July 12, 1896

Revere Beach Opens

PRIMARY SOURCE: Newspaper, 1896
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On this day in 1896, 45,000 people gathered in Revere to celebrate the opening of the first public beach in the nation. In 1895 the newly-created Metropolitan Parks Commission had taken ownership of the longest natural beach in the Boston area. The MPC cleared it of a railway, shanties, and other eyesores and built a broad boulevard, an elegant public bathhouse, shade pavilions, and a bandstand. The new and improved beach was an immediate hit. On some hot summer days, it had more than 250,000 visitors, most of them drawn from Boston's working class and immigrant communities. Among the beach's attractions were some of the first amusement parks in the country. The Cyclone, built in 1927 and in operation for nearly 50 years, was the fastest and largest roller coaster in the world. Revere Beach continues to be a vital attraction due to its easy accessibility.

Bathers were required to rent their suits at the bathhouse, and the reservation manufactured, repaired, and laundered them as well.

The first summer visitors to the 4.5-mile long beach at Revere were the Pawtucket Indians, who camped there during the warmer months. The shallow waters were a rich source of food, and the sandy beach was ideal for the games of skill the natives played. When English colonists settled in the area, they saw little value in the beach for work or play. It would be several hundred years before anyone would again capitalize on the economic and recreational potential of Revere Beach.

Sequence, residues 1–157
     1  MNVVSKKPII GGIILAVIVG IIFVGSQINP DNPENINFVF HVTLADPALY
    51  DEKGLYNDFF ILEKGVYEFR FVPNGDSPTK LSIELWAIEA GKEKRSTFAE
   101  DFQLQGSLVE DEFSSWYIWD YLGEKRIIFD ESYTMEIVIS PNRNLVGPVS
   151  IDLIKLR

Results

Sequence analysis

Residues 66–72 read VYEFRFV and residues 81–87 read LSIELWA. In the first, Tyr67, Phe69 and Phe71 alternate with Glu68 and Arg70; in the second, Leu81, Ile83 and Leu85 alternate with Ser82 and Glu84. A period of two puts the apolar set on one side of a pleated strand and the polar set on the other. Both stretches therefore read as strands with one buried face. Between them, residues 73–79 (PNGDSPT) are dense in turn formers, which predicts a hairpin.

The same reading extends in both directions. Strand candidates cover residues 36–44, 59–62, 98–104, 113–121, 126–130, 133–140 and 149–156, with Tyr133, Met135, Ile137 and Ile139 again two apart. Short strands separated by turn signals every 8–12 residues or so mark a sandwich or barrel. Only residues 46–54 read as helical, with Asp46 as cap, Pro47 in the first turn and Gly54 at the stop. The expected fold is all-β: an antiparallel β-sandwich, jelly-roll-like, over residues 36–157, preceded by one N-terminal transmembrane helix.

In 1871 when North Chelsea changed its name to Revere in honor of the man who carried the alarm to Lexington, the town had just over 1,000 residents, most of them farmers and fishermen. Four years later, the Boston, Revere Beach and Lynn "Narrow Gauge" Railroad began operating from Lynn to East Boston. Now it was easy for city dwellers to get to the beach; within a decade, the population of Revere tripled.

Steamboats brought pleasure seekers from Boston, Lynn, and Nahant, but the majority of visitors came by the Narrow Gauge. The beach soon became cluttered with bathhouses, restaurants, and private shacks and shanties that obstructed the once-expansive view.

The goal was to provide, in the words of the Commission's landscape architect Charles Eliot, "the grand and refreshing sight of [Revere beach] with its long, simple, curve, and its open view of the ocean."

In 1893 the Metropolitan Parks Commission was formed with the goal of protecting scenic areas while making them available for public use. Reclaiming Revere Beach was an ideal project. The MPC exercised the state's right of eminent domain to take ownership of three miles of the beach, clear away the buildings, and restore the beach's scenic qualities.

In 1895 and 1896, the MPC demolished more than 100 privately owned structures along the beach. The Narrow Gauge railway was relocated 400 yards back from the beach, along the path now used by the MBTA Blue Line. The goal was to provide, in the words of the Commission's landscape architect Charles Eliot, "the grand and refreshing sight of [Revere beach] with its long, simple, curve, and its open view of the ocean." "Nothing," he declared, "presents a more striking contrast to the jumbled, noisy scenery" of the city.